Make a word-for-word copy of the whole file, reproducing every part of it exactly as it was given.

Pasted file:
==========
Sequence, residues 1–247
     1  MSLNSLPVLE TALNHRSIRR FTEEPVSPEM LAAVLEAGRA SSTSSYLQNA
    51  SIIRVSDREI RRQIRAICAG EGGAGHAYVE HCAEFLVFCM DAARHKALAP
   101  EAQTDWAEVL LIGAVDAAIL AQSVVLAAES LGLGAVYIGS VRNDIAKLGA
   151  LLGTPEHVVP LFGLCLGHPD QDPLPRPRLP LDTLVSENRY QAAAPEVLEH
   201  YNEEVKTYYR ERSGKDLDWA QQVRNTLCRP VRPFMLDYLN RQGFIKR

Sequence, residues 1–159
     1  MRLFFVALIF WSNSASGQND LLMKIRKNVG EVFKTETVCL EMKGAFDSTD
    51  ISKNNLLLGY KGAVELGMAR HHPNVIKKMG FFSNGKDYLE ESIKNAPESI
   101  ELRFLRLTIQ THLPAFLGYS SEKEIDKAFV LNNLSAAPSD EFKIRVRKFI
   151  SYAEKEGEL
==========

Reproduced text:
Sequence, residues 1–247
     1  MSLNSLPVLE TALNHRSIRR FTEEPVSPEM LAAVLEAGRA SSTSSYLQNA
    51  SIIRVSDREI RRQIRAICAG EGGAGHAYVE HCAEFLVFCM DAARHKALAP
   101  EAQTDWAEVL LIGAVDAAIL AQSVVLAAES LGLGAVYIGS VRNDIAKLGA
   151  LLGTPEHVVP LFGLCLGHPD QDPLPRPRLP LDTLVSENRY QAAAPEVLEH
   201  YNEEVKTYYR ERSGKDLDWA QQVRNTLCRP VRPFMLDYLN RQGFIKR

Sequence, residues 1–159
     1  MRLFFVALIF WSNSASGQND LLMKIRKNVG EVFKTETVCL EMKGAFDSTD
    51  ISKNNLLLGY KGAVELGMAR HHPNVIKKMG FFSNGKDYLE ESIKNAPESI
   101  ELRFLRLTIQ THLPAFLGYS SEKEIDKAFV LNNLSAAPSD EFKIRVRKFI
   151  SYAEKEGEL